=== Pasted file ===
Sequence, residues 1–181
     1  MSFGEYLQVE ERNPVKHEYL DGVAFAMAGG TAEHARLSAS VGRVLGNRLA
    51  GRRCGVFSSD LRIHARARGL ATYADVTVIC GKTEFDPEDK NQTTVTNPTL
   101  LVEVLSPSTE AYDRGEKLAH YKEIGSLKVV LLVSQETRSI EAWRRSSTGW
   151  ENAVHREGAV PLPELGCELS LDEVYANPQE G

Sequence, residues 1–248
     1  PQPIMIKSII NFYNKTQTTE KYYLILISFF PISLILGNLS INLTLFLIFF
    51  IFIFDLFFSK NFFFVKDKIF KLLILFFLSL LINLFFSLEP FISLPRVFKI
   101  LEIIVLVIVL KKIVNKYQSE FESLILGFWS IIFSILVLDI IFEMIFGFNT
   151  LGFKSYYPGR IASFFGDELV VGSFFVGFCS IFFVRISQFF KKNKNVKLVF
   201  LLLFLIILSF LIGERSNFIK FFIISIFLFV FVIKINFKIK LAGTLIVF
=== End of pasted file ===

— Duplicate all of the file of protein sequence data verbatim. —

Sequence, residues 1–181
     1  MSFGEYLQVE ERNPVKHEYL DGVAFAMAGG TAEHARLSAS VGRVLGNRLA
    51  GRRCGVFSSD LRIHARARGL ATYADVTVIC GKTEFDPEDK NQTTVTNPTL
   101  LVEVLSPSTE AYDRGEKLAH YKEIGSLKVV LLVSQETRSI EAWRRSSTGW
   151  ENAVHREGAV PLPELGCELS LDEVYANPQE G

Sequence, residues 1–248
     1  PQPIMIKSII NFYNKTQTTE KYYLILISFF PISLILGNLS INLTLFLIFF
    51  IFIFDLFFSK NFFFVKDKIF KLLILFFLSL LINLFFSLEP FISLPRVFKI
   101  LEIIVLVIVL KKIVNKYQSE FESLILGFWS IIFSILVLDI IFEMIFGFNT
   151  LGFKSYYPGR IASFFGDELV VGSFFVGFCS IFFVRISQFF KKNKNVKLVF
   201  LLLFLIILSF LIGERSNFIK FFIISIFLFV FVIKINFKIK LAGTLIVF